Home > Attention, Education, Memory > “Ohhh, ‘Cue!'”: Cue-Dependent Forgetting and Study Techniques

“Ohhh, ‘Cue!'”: Cue-Dependent Forgetting and Study Techniques

Picture yourself in a classroom taking a history quiz. You don’t consider yourself a history buff of course, but you feel as if you studied well enough. You breeze through the questions, until you come across one that stumps you a bit: “Which U.S. President served the shortest term?”. You have to know this, of course, because you remember looking over it yesterday. The weight of familiarity is killing you, as you rack your brain and sort through the order of United States Presidents you thought you had memorized. When you studied, you paired the President’s last names along with common words that sounded similar–Lincoln and Linkedin, Kennedy and candy– you thought you pretty much had it down. Your heart thumps as you begin to look around the room, hoping something will strike your memory and soon your attention is drawn to how weird your teacher’s hair looks today. Hair, hair, Harrison! Suddenly you have it, William Henry Harrison was the President who served the shortest term.

Ok, let’s try that scenario again: you find yourself looking around the room for something to spark that lightbulb in your mind, but nothing seems to do the trick. Your professor is bald and always has been. You simply just can’t remember the name you were looking for and accept defeat. You stare daggers at their head as you leave that question blank and go onto the next one.

What made these two scenarios so different? The second scenario describes a cognitive psychology term called “cue-dependent forgetting” where a person is unable to remember information in the absence of a retrieval cue (Chandler & Gargano, 1995). A retrieval cue in this case is something that signals or prompts the memory of something that you associated with it (Chandler and Gargano, 1995). In the previously described scenario, the retrieval cues were the common words that sounded similar to the President’s names. This is why, when the retrieval cue for Harrison (“hair”), was forgotten, you were unable to answer the question. Pairing items as a form of studying may seem like an efficient way to quickly memorize material, but as seen in the example, it isn’t always reliable. Why does cue-dependent forgetting happen? And are there ways to prevent it from having a negative effect on test performance? These questions can be understood with a quick summary of how memory works.

Memory is the process of storing information in your mind and the ability to draw upon it later. When we learn something, this information gets stored, or in other words, encoded into our memory (Oberauer, 2019). Once this information has been encoded, we ideally should be able to retrieve it at a later time. However, this is not always the case. The information we encode and then later retrieve is susceptible to being, as one would say, “lost” in one’s mind and may seem hard to access. Accessible memories are memories that can be retrieved with relative ease. Cue-dependent forgetting occurs because the cue that the information was paired with is unable to be accessed (Chandler & Gargano, 1995). When the cue is present, the information can be recalled with ease but when the cue is absent, it becomes more difficult to access the memory associated with it; you may even be prone to forgetting the information you needed in the first place (Chandler & Gargano, 1995).When you can’t remember the cue, how are you going to be able to remember the memory associated with it?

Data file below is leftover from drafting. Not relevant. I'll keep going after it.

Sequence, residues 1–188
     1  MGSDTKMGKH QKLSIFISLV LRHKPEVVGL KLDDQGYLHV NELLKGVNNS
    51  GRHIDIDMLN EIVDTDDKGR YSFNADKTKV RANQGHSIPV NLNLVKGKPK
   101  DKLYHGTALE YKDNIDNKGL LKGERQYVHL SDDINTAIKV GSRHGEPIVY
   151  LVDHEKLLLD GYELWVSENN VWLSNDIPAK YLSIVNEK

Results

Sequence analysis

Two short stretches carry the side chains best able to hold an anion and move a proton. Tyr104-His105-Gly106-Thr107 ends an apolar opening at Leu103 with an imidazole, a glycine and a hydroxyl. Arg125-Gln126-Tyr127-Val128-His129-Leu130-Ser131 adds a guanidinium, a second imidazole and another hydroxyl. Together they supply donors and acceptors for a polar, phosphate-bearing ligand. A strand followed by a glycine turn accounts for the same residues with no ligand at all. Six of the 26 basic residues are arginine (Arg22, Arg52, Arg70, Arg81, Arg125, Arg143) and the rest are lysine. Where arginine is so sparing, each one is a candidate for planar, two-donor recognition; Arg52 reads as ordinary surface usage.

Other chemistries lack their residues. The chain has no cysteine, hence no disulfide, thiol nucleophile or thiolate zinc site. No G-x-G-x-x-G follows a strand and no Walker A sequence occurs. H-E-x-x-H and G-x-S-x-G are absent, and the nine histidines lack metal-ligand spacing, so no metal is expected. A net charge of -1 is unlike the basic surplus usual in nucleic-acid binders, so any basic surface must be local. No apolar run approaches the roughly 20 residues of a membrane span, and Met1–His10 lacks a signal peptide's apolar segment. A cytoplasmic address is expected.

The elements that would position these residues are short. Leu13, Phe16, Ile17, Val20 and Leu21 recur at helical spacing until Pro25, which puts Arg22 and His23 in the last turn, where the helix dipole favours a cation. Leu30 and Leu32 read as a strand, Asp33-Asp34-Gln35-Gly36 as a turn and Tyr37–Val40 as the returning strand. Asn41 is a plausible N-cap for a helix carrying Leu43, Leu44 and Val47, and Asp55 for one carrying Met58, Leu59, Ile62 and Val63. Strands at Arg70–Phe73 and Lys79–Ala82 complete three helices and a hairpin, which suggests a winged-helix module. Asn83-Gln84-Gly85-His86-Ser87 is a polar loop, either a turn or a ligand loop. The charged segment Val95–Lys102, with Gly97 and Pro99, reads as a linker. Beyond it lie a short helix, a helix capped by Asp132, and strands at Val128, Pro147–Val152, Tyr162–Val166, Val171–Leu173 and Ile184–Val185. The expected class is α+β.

Forgetting happens when encoded information no longer becomes accessible. One of the many things responsible for forgetting is referred to as interference or “blocking”. Blocking is when the encoding of new information prevents the recall of older information (Chandler and Gargano, 1995). For example, if you were to move to a new house and use a rhyming scheme to remember your new address (“It is sweet living on Main Street”), you may forget the rhyming scheme you used for your old address. This idea has to do with how attention is of limited capacity (Oberauer, 2019). It is difficult to multitask successfully. So much occurs in our day to day lives, that it is hard to pay enough attention to multiple things at once. If things aren’t paid attention to, how can they be stored in memory? This can also provide a reason as to why old information that is not used frequently can be forgotten– it is so we can focus on the more relevant information. For example, if you used the cue “candy” to remember President Kennedy, but later used the cue “candy” to remember something else, you would have incredible difficulty remembering the old use for the cue if you were given another history test about the U.S. Presidents.